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We all want to do less and earn more. But when that doesn't happen, we need to do more to earn more.

But you don't need to work through the night in order to get work done. There are plenty of tools out there to help increase your productivity, helping you become a more efficient, effective attorney. Here are three.

Artificial intelligence is finally moving into the legal world. Within the past two months, two major firms have partnered with artificial intelligence companies, hoping to hand over a sliver of their legal work to robot lawyers. But despite the emergence of AI-assisted BigLaw firms, lawyers have been slow to adopt artificial intelligence and machine learning technology, and reasonable skepticism remains. After all, your computer program might win on Jeopardy, but can it pass the bar?

Which is to say, when it comes to AI and the law, the field is still in flux. To give you a quick overview, here are seven of our top recent posts on artificial intelligence, from the freshest section of the FindLaw archives.

The impact of technology on legal practice isn't just felt in eDiscovery, incriminating selfies, or AI junior associates -- it's also playing out in courtrooms. Tech's impact in the courtroom ranges from cutting edge, still hypothetical applications like virtual reality crime scenes, to everyday uses like electronic filing and electronically displayed evidence.

But how are judges, often considered tech-averse, responding to these changes? They love them, according to a recent survey by the New York City Bar Association, but they also don't always use tech to its fullest potential.

BigLaw AI Wars: DLA Piper Strikes Deal With Kira Systems

Artificial intelligence is taking over a job near you, if it hasn't already. BigLaw firm DLA Piper has partnered with Canadian tech firm Kira Systems to launch an AI legal tech tool that will be used for document review during M&A transactions. This automation step has been billed by DLA Piper as a boon for clients and the company.

It's the latest in BigLaw handshakes with AI companies, and it has everyone at the bottom of the totem pole worried.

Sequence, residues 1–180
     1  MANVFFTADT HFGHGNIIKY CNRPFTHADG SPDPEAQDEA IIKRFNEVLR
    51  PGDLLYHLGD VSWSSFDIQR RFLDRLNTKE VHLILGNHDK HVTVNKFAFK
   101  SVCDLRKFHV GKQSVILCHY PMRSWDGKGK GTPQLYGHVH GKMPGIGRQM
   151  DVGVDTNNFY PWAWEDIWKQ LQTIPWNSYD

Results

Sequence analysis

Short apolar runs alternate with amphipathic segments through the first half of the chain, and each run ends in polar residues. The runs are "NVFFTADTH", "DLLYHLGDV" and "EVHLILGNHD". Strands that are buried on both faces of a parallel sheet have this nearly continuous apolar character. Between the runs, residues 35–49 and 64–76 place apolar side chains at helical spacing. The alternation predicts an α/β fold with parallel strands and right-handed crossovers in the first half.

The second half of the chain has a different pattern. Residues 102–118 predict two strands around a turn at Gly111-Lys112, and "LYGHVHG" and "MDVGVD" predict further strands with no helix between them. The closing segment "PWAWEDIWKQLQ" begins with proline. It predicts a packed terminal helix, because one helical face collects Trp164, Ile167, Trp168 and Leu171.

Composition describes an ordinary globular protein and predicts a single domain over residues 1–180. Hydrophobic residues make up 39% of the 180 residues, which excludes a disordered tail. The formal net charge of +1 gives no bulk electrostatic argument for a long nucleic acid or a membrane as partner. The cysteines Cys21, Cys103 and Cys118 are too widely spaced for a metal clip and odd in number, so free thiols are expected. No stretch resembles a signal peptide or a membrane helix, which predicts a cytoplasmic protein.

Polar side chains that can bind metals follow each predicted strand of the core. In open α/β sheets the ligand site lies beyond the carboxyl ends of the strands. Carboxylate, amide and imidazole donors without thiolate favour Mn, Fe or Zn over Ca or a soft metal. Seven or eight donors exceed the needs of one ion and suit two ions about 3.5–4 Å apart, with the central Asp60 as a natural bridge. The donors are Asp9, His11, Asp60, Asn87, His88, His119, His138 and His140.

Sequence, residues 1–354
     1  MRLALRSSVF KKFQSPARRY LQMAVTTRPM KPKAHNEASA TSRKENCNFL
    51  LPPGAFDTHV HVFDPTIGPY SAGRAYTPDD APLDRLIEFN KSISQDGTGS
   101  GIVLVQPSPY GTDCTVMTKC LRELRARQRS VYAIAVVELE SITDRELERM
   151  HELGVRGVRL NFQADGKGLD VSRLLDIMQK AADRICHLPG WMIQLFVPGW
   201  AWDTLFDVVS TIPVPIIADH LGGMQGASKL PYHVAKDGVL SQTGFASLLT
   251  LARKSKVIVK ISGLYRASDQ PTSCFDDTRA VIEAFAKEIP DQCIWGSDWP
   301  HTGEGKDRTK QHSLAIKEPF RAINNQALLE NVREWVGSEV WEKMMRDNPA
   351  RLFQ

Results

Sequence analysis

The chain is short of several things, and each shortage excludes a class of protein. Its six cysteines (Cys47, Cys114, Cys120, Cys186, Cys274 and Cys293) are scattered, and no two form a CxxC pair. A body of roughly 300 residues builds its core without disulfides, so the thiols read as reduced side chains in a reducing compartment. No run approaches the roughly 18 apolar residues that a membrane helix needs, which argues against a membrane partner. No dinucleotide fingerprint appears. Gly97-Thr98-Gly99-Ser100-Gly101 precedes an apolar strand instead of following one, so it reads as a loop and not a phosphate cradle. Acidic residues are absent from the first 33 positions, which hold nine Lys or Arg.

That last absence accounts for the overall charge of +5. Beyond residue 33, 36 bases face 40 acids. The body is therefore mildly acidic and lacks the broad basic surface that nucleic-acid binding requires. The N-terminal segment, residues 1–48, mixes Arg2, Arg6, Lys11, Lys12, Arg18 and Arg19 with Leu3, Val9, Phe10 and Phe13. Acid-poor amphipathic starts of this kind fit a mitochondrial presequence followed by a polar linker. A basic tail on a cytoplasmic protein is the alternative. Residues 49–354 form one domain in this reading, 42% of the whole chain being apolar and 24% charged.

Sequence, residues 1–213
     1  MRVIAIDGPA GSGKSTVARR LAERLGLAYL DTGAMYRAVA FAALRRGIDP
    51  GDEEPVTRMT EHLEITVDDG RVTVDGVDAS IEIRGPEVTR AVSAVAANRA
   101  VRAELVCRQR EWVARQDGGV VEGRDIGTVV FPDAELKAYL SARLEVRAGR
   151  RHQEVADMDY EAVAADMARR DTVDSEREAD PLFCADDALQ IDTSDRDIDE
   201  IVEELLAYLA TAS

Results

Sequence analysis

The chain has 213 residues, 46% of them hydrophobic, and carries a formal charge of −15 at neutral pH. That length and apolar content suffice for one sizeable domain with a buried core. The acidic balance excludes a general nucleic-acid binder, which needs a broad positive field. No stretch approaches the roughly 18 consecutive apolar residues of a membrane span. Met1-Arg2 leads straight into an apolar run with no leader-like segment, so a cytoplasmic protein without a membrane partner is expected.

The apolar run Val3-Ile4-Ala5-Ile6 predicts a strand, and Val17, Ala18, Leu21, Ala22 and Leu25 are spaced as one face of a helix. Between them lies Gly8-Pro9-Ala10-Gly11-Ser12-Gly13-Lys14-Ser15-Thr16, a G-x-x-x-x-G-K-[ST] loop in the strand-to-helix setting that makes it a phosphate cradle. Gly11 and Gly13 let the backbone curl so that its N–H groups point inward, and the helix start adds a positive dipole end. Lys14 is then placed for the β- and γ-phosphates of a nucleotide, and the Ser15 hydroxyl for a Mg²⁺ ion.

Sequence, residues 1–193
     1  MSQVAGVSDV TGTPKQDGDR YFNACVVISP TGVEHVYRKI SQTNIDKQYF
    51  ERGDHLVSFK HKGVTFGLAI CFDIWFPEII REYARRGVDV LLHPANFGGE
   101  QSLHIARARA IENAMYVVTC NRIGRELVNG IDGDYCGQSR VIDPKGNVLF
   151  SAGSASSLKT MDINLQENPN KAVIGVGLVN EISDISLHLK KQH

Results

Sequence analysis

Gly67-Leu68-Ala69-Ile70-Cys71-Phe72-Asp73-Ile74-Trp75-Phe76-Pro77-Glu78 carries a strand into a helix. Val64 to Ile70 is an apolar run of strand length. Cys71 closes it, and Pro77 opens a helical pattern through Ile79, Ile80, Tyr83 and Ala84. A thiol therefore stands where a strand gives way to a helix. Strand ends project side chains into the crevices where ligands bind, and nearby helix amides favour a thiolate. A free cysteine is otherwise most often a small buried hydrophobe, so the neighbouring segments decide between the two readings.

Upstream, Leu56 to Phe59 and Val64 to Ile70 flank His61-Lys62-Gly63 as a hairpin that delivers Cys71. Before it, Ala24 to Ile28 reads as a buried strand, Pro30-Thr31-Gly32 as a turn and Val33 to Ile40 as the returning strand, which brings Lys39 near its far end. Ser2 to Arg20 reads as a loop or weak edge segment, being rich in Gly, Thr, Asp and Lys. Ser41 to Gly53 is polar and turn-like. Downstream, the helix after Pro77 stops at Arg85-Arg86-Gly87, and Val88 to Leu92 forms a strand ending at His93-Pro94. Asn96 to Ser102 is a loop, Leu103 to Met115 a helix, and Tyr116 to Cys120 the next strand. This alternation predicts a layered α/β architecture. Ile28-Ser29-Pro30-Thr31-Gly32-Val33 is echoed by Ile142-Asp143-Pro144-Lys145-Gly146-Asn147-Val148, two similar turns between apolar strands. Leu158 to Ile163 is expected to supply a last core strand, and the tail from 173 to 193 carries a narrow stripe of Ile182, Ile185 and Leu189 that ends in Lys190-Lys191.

There's no shortage of legal tech startups. There are entrepreneurs and innovators across the country looking to bring the latest technology to the legal market, from cutting-edge artificial intelligence applications, to basic document management streamlining. There are even social networks just for lawyers.

But what there isn't is mass adoption of new technology. Lawyers and law firms remain particularly slow to embrace new tech, making it harder for startups to gain valuable venture capital funding. Can obstacles to a true legal tech boom be overcome?

Robots can't run a law firm -- at least not yet. But when it comes to your basic tasks like scheduling and time keeping, you can save a lot of money by putting the computers in charge. (Or at least letting them help you out.) A few simple apps can help you streamline many typical tasks, from responding to email to collecting a settlement.

So, if you're looking for some tech to lighten you workload, here are 10 recommendations, from the FindLaw archives.

It costs to be on the cutting edge. When it comes to going digital, going paperless, going hi-tech, you can easily start shelling out thousands of dollars on products and services, some of which may be obsolete in a few years, or even months. But if you shop around, you can stay on top of many tech trends without breaking the bank.

To help you out, here are our best affordable gadget and service reviews, from the FindLaw archives.

As lawyers, we're all writers. But we're not poets here, and legal writing doesn't have to be (and probably shouldn't be) best-seller worthy. It should be better, though: clear, accessible, and sometimes even enjoyable to read. And there's a bevy of automated editing and proofreading software out there that promises to improve your writing with the click of a button.

So do they work? Sort of.

Blockchain technology creates a virtually incorruptible, dispersed database of all transactions in a network. It's the technology that helped make Bitcoin a (relative) success, but it's often hailed as a potentially transformative technology in finance, business, and the law. There are contracts that use the blockchain, for example. There may one day even be entire government databases based on blockchain technology.

But, as James Ching recently pointed out, there could be a downside to all the blockchain hype. It's possible that blockchain evidence may be inadmissible hearsay.

When it comes to law and technology, the future is wide open. Will artificial intelligence transform the practice of law? Will electronic surveillance mean that nothing can be truly confidential? Will you ever be able to find a password that you can remember? Yes. No. Maybe.

The future of the law and technology is an unanswered question. Here are the ones we're asking.